San Diego Law Review


Robert Barry

Library of Congress Authority File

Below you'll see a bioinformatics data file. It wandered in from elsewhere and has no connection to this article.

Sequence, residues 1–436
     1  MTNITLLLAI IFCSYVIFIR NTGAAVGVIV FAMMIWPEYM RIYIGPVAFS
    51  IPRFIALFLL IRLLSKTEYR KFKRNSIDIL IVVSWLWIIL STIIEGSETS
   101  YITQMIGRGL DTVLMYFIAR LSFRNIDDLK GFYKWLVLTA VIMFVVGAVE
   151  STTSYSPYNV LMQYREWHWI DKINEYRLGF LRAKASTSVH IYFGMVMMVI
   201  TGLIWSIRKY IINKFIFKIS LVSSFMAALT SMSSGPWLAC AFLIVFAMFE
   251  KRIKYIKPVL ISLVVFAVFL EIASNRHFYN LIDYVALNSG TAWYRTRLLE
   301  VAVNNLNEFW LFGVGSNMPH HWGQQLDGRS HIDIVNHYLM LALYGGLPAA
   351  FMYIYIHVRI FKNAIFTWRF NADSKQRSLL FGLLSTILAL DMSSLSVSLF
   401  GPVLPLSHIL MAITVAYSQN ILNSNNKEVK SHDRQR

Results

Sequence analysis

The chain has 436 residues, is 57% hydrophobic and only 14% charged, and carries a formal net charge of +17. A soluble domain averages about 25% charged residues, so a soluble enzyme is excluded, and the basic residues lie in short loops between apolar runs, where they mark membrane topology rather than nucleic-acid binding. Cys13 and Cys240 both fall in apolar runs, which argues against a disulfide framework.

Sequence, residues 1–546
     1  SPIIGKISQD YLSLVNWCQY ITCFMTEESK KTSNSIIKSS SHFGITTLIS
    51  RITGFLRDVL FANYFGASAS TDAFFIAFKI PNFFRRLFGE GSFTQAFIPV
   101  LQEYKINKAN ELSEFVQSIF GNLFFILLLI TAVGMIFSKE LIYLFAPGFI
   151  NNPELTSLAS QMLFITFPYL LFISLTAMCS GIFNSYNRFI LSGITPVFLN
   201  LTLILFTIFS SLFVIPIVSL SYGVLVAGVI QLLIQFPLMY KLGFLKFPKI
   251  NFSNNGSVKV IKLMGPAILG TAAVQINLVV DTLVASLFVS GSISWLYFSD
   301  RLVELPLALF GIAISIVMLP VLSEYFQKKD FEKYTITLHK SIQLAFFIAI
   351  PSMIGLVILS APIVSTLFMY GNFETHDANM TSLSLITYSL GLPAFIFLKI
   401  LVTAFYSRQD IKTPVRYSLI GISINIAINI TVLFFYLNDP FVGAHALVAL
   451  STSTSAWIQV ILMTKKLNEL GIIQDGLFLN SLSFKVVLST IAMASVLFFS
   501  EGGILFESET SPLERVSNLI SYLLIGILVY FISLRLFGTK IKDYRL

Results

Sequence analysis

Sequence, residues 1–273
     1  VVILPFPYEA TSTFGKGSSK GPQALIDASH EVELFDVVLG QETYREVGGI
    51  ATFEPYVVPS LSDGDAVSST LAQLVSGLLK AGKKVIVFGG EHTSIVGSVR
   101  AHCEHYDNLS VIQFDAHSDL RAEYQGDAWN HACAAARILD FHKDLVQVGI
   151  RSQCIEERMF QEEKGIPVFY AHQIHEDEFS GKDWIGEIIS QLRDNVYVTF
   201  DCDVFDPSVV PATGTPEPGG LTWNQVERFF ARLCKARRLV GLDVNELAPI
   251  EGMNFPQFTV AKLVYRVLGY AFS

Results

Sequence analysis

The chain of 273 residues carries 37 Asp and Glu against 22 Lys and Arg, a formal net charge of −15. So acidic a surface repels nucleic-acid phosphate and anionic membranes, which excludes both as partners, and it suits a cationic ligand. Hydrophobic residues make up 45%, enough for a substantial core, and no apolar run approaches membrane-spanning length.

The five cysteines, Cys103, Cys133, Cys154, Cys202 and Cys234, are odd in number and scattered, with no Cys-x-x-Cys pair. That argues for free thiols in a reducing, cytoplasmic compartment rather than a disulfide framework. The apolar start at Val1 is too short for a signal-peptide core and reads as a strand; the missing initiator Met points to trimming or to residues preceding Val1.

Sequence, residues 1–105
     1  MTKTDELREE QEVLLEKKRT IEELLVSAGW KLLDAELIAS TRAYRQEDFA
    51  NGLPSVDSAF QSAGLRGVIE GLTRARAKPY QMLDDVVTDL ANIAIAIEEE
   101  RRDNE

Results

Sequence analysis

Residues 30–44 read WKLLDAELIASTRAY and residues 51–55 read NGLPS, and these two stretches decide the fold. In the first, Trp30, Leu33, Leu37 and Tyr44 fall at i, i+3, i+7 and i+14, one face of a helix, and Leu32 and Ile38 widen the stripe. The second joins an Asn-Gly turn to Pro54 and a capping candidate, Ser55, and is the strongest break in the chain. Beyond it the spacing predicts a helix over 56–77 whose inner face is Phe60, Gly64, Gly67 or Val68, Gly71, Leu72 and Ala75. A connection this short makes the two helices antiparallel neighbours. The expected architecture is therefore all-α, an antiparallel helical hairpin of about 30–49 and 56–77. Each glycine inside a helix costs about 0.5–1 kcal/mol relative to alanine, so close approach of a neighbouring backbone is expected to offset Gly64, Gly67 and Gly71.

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California courts have generally encouraged insurers to deal fairly with their customers. If the insurer failed to accept a reasonable settlement offer from an injured third party, and the third party gained a judgment in excess of the policy limits against the insured, the insurer has been held liable for the excess. This has been accomplished by treating the bad faith failure to settle as a breach of an implied covenant of good faith and fair dealing in the insurance policy. An interesting facet of this breach is that it has been held to sound in either tort or contract. However this dual identity has caused courts to confuse the basic facts that must be pleaded to allege the cause of action. This June, the California Supreme Court had the chance to clarify this area of the law in Gruenberg v. Aetna Insurance Co. The case presented a unique fact situation to the Supreme Court, because it involved an alleged bad faith failure to settle directly with the insured, rather than with an injured third party. The Supreme Court also faced the defense that the insured failed to fulfill a condition precedent to the insurers' duty to pay. The Comment will analysis the logic of the Supreme Court's disposal of this defense and question whether the decision has not further confused elements of tort and contract in litigation over breaches of the implied covenant of good faith and fair dealing.

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